Crysis’ CryEngine 2: Flow Graph Tutorial

Some of you may be familiar with the Crysis game released by the German company, CryTek.  CryTek has been repsonsible for developing several popular game engines such as the Far Cry engine which is now owned by UbiSoft.  

CryTek’s latest and greatest engine is called CryEngine2.  CryEngine2 is comparable to the Unreal3 game engine.  CryTek has been generous enough to release their game editor for free to those who purchase Crysis Warhead / Wars game.  I have recently been working with the CryEngine2 game engine and thought I would share some of my findings regarding the scripting.

As more and more next generation game engines are starting to come out, they are beginning to use these visual based approaches to scripting.  For example, the Unreal Tournament 3 game engine uses a Visual programming language called Kismet to handle its high level gameplay logic.  There are several advantages to using a visual programming language.  Visual programming languages generally use nodes whose code is tried tested and proven to work.  Normally these nodes will be highly efficient as well and will not suffer from misuse of resources.  Finally,  visual programming languages allow developer to better organize their logic in a visual manner which allows them to implement better desigins.

The CryEngine2 utilizes several different methodologies for scripting.  It has a high level visual programming language called “Flow Graph”, which is what I will be talking about in this article.  In addition to that,  developers can write scripts in C++, Lua, and ActionScript.  When you start out developing mods for Crysis Wars,  you will probably start scripting with Flow Graph and work your way down to C++ and Lua based modules.  Flow Graph is a very convenient programming language in which a developer can link together different nodes to develop game logic.  The nice thing about FlowGraph is that it is easily expandibly.  Flow Graph ships with over 900 different nodes which are equivalent to classes in OOP based languages like C++, C#, and Java.  These nodes range from handling vector math to changing a soldier’s animation.  If you can’t manage to find a node that meets your need,  you can easily write your own nodes in C++ or Lua.

In this article,  I want to give a breif tutorial on how to use Flow Graph.  I am not going to cover how to setup a map with Soldiers or anything of that nature.  If you would like to know how to do that, you can check out the Crysis mod portal which contains ample tutorials on how to do those kind of things.  http://wiki.crymod.com/index.php/Main_Page

Here is a sample Flow Graph that I developed with CryEngine2.

Essentially what this graph does is control an enemy soldier.  He will patrol his area for 10 seconds, after which he will walk behind a truck and urinate.  After he is done,  he will walk back to his patrol area and repeat this action after another 10 seconds passes.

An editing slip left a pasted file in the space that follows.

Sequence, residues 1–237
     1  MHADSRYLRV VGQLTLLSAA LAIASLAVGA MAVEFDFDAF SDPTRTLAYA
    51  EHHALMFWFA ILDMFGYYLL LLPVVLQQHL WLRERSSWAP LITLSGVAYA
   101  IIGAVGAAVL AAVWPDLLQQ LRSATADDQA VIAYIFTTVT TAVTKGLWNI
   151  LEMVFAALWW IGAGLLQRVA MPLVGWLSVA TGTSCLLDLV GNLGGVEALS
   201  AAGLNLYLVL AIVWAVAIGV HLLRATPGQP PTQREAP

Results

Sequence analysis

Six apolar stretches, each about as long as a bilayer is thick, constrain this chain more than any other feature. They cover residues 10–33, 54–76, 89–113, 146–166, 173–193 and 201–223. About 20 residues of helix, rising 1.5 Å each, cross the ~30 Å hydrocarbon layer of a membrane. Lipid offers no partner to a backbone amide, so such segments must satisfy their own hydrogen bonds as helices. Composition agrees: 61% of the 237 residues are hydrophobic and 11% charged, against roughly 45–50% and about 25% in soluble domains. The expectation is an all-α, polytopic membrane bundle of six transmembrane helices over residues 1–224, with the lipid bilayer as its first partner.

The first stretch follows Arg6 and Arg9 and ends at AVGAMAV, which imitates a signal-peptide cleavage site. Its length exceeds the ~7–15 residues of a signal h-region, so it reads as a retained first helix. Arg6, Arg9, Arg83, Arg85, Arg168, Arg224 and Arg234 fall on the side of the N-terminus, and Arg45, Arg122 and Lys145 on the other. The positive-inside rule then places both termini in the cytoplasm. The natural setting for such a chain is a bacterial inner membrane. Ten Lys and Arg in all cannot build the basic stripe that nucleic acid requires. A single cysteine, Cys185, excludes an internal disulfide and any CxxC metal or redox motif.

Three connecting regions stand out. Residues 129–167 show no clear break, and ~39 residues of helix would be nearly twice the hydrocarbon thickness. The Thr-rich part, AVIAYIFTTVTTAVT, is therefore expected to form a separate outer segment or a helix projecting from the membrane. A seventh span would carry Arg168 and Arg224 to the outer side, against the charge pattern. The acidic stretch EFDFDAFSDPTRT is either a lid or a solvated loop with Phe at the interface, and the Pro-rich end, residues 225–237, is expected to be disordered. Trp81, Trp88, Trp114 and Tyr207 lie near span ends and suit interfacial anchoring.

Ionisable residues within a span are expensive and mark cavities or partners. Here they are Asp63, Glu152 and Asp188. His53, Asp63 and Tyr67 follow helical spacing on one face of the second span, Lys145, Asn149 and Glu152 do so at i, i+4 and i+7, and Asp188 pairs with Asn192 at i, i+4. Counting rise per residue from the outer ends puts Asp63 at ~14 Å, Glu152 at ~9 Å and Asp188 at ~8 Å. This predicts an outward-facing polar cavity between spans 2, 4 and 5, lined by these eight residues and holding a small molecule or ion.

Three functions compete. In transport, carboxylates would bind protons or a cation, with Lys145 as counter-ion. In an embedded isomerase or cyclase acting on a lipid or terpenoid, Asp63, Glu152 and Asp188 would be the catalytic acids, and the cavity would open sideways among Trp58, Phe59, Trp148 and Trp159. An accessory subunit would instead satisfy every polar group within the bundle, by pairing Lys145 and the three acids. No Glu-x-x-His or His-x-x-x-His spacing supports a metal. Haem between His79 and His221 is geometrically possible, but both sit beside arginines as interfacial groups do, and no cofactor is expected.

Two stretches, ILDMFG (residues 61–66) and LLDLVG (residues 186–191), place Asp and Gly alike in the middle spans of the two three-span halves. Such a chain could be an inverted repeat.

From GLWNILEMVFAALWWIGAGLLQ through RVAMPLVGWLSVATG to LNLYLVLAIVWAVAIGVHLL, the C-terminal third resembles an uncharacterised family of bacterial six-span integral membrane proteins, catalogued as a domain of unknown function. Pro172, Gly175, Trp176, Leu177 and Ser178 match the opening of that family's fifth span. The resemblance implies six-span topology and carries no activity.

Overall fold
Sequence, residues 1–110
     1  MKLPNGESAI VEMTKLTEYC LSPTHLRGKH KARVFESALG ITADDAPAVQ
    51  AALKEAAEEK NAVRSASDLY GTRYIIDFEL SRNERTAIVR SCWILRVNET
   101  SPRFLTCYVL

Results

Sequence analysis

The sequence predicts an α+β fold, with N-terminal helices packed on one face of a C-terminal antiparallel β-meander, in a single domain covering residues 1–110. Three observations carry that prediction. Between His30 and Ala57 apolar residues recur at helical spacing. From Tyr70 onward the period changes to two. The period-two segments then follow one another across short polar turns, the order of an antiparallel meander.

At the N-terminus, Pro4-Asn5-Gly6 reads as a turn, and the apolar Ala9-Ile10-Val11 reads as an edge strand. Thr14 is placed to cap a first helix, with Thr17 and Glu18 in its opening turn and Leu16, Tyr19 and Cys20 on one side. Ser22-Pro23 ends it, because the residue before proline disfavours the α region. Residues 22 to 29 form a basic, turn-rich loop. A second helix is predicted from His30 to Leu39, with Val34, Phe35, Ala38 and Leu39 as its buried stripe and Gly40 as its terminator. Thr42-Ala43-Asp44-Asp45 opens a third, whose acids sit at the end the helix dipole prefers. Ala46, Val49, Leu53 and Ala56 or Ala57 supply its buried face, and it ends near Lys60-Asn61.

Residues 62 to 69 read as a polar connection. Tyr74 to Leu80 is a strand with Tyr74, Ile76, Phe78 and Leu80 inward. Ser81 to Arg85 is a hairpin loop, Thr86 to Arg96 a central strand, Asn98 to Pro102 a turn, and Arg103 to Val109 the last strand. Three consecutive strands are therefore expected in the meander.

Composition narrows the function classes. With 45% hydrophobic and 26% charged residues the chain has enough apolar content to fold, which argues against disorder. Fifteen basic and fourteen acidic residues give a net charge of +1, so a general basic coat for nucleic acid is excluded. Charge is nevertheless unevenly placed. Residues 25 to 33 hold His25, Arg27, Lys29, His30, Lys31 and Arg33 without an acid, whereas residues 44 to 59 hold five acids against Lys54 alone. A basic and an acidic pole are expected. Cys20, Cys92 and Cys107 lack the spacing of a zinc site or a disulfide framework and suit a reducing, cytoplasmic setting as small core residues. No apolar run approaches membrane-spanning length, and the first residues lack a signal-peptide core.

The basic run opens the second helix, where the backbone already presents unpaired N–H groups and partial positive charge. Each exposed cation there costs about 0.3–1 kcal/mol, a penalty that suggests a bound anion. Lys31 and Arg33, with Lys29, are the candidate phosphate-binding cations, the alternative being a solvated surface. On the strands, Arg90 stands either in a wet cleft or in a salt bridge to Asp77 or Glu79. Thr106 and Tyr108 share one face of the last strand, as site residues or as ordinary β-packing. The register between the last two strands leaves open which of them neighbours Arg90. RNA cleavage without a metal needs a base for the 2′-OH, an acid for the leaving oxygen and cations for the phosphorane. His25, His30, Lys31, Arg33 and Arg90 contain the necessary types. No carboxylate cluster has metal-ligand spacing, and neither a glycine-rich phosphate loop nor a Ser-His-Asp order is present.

We first start out with the “Start” node.  The Start node will fire the ouput trigger as soon as the soldier is spawned.  Next I use a “Logic:Any” node to handle multiple inputs.  If you are a traditional C++ programmer,  think of a “Logic:Any” node as an OR statement.  

if(bGameStart || bSoliderIsPatrolingAgain)

Next we use the “Time:Delay” node which basically does what it says. We give it amount of time in seconds to wait, which in our case is 10 seconds, and then it will fire its Output trigger was the appropriate amount of time has passed.

The next node I added was another “Logic:Any” however this node isn’t really necessary. I added this node incase I want to scale this graph more in the future but it would be perfectly fine to directly connect the next node “AI:Goto” with the “Time:Delay” node.

The “AI:Goto” node is where we really begin to interact with our environment. The “AI:Goto” node will move a soldier from one location to another. The best part is that AI:Goto is smart enough to rotate and update the soldier’s animation for you. All you need to do is tell it is the soldier’s destination vector. We will use the “Entity:EntityPos” node to tell the “AI:Goto” node where we want our soldier to go. In the game editor, simply select another entity such as a truck and then assign that entity to the “Entity:EntityPos” node by right clicking the node and selecting “Assign selected Entity”. Pretty easy huh?

Once our soldier has reached his destination, we want to play his urination animation. Each entity has its own set of animations. Our soldier happens to have a urination animation which we will play by specifying it as a “name” parameter in the “AI:Anim” node. Once the animation is finished, the AI:Anim’s done trigger will be fired. At this point, we again use the AI:Goto node to move the soldier back to his old location. I have setup an invisible entity at his starting position so that we can know where to move back to. The invisible entity is being referenced by the second “Entity:EntityPos” node.

Finally, once the soldier reaches his original location, the AI:Goto’s done trigger is fired which is connected to our “Logic:Any” node which basically will end up repeating the ai logic all over again.

As you can see, Flow Graph allows a developer to rapidly implement game logic at a high level without worrying about so many low level details.  If you are interested in using any next generation game engine,  it is probably in your best interest to begin learning how to use visual based approaches to game development.  If you are eager to get your hands dirty with the CryEngine, you can purchase the game at Amazon.

 

Crysis Warhead/Wars

Crysis Warhead/Wars

I would like to give special thanks to “fuego96″ for this tutorial idea.
I hope you enjoyed this article and will find it useful!

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